Does Egalitarian Democracy Boost Environmental Sustainability? An Empirical Test, 1970-2017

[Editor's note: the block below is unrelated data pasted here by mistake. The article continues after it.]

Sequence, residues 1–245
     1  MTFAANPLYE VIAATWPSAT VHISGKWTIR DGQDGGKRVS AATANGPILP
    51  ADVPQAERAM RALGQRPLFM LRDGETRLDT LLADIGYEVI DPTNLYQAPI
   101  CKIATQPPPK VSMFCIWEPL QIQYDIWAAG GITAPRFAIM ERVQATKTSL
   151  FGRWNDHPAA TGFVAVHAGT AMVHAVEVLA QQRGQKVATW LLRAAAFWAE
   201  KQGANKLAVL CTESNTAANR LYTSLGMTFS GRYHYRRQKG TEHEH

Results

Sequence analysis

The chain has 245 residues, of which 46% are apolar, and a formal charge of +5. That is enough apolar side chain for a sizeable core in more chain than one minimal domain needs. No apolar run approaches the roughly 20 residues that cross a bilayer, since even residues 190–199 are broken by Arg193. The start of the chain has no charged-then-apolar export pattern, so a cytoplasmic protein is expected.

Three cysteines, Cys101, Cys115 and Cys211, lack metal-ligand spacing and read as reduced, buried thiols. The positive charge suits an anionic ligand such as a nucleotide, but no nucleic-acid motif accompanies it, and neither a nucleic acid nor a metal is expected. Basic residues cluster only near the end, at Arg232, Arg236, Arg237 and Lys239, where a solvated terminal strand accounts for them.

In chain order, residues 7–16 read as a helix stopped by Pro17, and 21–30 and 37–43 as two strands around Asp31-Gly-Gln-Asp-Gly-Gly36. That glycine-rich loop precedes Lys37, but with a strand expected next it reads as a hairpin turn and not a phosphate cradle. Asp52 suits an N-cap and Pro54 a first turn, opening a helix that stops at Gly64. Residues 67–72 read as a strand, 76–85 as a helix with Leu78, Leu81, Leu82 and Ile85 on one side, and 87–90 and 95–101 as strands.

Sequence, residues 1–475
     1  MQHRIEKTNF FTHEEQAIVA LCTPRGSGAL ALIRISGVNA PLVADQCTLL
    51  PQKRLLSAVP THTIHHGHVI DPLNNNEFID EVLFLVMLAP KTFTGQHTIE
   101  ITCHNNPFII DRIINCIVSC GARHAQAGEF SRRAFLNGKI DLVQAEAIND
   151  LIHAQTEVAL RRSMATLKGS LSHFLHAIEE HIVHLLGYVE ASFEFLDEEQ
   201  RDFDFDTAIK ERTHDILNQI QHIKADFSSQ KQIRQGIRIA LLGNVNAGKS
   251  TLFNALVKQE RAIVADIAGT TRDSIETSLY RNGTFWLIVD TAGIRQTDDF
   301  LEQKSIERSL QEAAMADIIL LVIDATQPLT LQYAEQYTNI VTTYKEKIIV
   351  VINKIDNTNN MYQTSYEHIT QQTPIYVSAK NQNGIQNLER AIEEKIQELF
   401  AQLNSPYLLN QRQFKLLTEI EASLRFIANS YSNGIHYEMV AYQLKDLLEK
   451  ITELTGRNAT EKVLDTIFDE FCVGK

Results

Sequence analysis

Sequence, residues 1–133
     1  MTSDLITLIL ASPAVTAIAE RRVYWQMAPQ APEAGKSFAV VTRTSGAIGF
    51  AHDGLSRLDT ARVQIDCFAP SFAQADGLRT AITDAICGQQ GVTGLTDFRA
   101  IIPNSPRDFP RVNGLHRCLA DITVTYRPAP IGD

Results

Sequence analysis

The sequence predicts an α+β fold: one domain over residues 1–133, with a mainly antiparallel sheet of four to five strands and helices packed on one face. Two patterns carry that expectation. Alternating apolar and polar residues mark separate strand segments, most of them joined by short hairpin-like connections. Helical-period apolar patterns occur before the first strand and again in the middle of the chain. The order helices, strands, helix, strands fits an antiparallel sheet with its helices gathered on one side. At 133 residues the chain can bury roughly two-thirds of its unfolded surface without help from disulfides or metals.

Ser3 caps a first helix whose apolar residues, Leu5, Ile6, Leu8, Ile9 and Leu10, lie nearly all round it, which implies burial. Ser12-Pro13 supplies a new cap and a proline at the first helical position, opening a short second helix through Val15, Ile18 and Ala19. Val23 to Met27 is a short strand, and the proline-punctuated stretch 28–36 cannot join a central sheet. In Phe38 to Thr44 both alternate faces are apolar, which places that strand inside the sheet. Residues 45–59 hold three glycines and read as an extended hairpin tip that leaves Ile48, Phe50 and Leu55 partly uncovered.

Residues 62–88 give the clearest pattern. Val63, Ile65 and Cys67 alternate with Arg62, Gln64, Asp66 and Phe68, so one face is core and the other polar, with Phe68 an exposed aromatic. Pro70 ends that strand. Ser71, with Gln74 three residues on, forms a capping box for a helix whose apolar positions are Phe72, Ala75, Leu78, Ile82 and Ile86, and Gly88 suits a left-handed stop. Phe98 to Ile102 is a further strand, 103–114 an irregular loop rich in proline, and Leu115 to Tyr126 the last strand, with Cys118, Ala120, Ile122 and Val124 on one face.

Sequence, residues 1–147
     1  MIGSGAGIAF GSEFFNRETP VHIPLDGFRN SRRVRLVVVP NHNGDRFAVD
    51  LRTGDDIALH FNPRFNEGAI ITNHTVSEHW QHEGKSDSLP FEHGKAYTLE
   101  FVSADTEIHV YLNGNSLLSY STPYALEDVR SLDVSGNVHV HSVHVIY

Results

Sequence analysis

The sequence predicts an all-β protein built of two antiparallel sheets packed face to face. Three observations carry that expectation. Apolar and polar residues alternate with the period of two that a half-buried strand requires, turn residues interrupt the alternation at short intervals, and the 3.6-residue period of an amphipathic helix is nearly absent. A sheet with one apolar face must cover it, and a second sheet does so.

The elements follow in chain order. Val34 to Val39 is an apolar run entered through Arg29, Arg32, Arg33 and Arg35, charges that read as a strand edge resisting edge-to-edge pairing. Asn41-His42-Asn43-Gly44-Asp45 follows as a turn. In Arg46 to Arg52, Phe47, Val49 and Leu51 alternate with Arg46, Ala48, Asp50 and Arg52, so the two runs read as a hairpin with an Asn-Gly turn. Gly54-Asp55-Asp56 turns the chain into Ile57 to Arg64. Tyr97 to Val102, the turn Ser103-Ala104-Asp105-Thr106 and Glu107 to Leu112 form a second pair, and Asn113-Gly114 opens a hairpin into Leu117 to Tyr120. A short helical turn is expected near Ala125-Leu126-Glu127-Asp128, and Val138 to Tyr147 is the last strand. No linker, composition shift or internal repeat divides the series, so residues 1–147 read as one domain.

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Many argue that the twin problems of poverty and environmental degradation are best addressed by adopting greater egalitarian processes of governance. Greater egalitarian societies apparently contain the required social trust and consensus for making hard choices and tradeoffs for achieving environmental gains. We employ novel data on egalitarian democracy, which measure the equal access of the poor to political power and societal resources, and data covering weak and strong sustainability measured by the “adjusted net savings” and several indicators of atmospheric pollution. The results suggest that greater egalitarian governance reduces weak sustainability and increases the intensity of climate-harming pollution. Regardless of democracy, other measures of social equity, such as the GINI and equal access to health and political resources, increase, not decrease, atmospheric pollution. These results are robust to estimating procedure, several alternative models, and data. While liberté, egalité and fraternité should be pursued for their own intrinsic value, meeting urgent challenges from global warming may require more targeted solutions.